Understand Our Common Ground 

Americans who want our president and political parties to work together are the majority. We just tend to be drowned out by the vocal extremes and resistance efforts on either side.  

According to a February 2017 poll commissioned by The Hill, 73% of Americans (52% of Democrats and 48% of Republicans) want their party to work with President Trump.  Only 27% said that Democrats should resist Trump's every move.

Finding Common Ground begins with understanding our own biases, empathizing with others, and re-learning the age-old practices of civility. Good people can and do disagree.  They can do so respectfully.

Suggested resources:

 The Three Languages of Politics, by Arnold King. 

In this brief, readable essay that echoes conclusions from Jonathan Haidt's longer book, The Righteous Mind, Libertarian economist Arnold Kling surmises that Liberals, Conservatives, and Libertarians tend to see the world on three different axes.  Liberals' world view tends to orient on the axis of oppressor-oppressed; Conservatives on the axis of civilization-barbarism, Libertarians on the axis of freedom-coercion. Individuals in each camp use political language divided along these axes to show loyalty, elevate status, and create hostility towards others in opposing camps. Political debate using these preferred axes is frustrating and endless as each camp talks past the other without communicating.

The Righteous Mind: Why Good People are Divided by Politics and Religion, by Jonathan Haidt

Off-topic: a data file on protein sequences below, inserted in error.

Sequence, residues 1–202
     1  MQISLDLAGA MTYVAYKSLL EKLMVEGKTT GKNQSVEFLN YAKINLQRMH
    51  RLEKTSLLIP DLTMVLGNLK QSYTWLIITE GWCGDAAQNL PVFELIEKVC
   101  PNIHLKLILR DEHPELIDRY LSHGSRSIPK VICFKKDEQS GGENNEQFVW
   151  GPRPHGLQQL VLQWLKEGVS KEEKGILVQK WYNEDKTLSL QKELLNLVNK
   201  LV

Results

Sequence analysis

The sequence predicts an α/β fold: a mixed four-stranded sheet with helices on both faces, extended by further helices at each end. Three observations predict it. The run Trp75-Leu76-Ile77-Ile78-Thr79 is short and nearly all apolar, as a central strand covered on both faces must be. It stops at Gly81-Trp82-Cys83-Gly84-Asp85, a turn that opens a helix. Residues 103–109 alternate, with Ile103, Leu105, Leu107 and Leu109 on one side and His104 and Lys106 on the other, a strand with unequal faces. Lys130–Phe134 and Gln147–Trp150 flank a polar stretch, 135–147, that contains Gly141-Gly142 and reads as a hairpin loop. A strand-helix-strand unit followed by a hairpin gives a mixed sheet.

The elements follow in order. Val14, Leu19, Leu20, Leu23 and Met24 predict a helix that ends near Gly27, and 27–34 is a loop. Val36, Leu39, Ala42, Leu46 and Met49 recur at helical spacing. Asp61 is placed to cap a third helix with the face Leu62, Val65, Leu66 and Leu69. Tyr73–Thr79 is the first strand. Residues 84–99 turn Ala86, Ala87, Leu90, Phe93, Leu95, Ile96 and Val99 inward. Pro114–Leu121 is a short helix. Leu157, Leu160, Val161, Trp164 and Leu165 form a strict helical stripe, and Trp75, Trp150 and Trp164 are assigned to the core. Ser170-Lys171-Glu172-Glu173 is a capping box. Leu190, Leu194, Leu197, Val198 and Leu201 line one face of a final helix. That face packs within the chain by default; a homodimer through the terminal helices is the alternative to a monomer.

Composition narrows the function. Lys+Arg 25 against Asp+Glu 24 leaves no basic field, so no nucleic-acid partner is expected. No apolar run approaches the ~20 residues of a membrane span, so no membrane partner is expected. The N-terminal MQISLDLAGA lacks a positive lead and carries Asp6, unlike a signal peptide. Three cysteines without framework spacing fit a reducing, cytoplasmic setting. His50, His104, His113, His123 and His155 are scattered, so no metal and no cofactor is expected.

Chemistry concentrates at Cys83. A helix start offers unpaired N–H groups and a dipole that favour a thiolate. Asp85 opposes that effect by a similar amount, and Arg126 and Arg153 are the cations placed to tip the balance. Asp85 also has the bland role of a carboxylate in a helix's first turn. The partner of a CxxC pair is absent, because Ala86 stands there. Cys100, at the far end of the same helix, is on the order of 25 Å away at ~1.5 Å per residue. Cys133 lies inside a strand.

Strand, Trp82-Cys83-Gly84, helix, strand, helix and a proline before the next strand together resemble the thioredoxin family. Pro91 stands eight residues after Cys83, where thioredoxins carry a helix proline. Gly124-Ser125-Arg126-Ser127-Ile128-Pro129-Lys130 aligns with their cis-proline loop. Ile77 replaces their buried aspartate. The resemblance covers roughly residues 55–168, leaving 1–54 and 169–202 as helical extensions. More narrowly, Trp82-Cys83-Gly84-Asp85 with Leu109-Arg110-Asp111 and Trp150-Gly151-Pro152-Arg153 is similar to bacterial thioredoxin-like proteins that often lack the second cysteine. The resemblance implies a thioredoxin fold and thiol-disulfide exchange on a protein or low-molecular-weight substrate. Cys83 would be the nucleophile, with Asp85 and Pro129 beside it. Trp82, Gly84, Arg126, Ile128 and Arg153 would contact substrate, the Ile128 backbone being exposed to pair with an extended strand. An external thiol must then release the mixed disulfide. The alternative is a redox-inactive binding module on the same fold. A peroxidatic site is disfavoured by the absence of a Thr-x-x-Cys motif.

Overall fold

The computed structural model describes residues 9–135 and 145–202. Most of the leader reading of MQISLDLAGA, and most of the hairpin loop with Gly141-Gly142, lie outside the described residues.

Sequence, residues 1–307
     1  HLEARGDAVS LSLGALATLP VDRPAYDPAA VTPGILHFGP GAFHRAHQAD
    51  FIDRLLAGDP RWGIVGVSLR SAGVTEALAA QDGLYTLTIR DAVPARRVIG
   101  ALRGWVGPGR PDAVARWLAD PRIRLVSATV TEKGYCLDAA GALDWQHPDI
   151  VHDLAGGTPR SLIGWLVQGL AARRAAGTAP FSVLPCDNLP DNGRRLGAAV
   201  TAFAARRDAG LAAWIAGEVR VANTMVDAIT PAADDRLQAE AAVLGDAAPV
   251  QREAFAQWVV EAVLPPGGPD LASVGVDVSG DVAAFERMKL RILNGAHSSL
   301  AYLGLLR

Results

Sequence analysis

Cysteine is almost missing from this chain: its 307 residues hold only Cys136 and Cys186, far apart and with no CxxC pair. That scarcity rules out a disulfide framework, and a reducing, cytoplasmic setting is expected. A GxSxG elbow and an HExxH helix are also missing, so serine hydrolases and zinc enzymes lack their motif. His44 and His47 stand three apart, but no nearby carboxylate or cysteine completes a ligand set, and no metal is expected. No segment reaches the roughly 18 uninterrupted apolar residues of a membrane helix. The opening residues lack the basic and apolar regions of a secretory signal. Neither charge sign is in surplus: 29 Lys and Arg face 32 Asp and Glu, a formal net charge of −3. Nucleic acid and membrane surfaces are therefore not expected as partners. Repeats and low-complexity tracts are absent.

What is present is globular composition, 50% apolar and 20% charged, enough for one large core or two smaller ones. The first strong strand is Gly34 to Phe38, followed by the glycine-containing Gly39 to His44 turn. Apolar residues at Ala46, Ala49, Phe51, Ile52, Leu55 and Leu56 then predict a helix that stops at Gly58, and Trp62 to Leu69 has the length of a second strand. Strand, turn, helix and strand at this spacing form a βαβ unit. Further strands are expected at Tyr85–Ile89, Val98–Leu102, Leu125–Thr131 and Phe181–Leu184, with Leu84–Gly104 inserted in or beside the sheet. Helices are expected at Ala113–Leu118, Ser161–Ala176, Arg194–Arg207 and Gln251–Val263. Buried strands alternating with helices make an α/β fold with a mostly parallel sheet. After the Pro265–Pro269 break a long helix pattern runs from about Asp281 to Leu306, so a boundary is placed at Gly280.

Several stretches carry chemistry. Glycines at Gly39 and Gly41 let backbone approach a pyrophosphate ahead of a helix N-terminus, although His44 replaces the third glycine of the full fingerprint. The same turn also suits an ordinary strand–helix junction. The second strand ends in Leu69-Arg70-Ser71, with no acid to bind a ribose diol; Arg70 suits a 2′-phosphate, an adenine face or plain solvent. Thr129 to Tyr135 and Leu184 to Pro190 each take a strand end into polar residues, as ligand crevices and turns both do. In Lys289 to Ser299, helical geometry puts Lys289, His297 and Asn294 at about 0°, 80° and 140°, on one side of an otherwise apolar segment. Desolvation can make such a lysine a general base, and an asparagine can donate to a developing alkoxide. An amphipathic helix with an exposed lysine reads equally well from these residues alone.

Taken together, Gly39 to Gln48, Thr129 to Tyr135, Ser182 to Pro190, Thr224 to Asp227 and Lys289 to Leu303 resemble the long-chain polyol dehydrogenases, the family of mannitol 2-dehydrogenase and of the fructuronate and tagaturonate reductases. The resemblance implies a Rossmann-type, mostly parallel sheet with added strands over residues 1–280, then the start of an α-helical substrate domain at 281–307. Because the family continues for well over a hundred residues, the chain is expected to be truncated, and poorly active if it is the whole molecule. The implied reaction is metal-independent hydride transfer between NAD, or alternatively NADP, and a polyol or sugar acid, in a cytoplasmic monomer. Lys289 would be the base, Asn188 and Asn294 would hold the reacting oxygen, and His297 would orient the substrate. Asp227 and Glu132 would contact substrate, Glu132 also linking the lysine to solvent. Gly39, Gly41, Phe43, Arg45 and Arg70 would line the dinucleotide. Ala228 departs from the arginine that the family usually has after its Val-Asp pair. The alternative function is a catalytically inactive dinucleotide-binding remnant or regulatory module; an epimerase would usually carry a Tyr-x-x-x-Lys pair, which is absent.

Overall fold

Drawing on his twenty five years of groundbreaking research on moral psychology, Haidt shows how moral judgments arise not from reason but from gut feelings. He shows why liberals, conservatives, and libertarians have such different intuitions about right and wrong, and he shows why each side is actually right about many of its central concerns. In this subtle yet accessible book, Haidt gives you the key to understanding the miracle of human cooperation, as well as the curse of our eternal divisions and conflicts. If you’re ready to trade in anger for understanding, read The Righteous Mind.

Can't We All Disagree More Constructively? by Jonathan Haidt 

This excerpt from The Righteous Mind summarizes the moral origins of our politics and suggests that different political views represent a Yin and Yang that are interdependent and essential to maintain political balance.

Healing the Heart of Democracy: The Courage to Create a Politics Worthy of the Human Spirit by Parker J. Palmer

Palmer explores five "habits of the heart" that can help us restore democracy's foundations as we nurture them in ourselves and each other:

  • An understanding that we are all in this together
  • An appreciation of the value of "otherness"
  • An ability to hold tension in life-giving ways
  • A sense of personal voice and agency
  • A capacity to create community

Civility by Stephen L. Carter

A thoughtful, classic meditation on the role of civility in modern democratic society by a Yale law professor and leading public intellectual on the importance of manners in forming our "pre-political" skills.  It is grounded in a conservative, Judeo-Christian perspective that is at the same time open-minded and draws heavily on examples from the Abolitionist and Civil Rights movements.

Choosing Civility: Twenty-five Rules of Considerate Conduct by P.L. Forni

The Chisel, a platform that allows you to engage in making policy with leaders from a range of America's leading think tanks from across the political spectrum.

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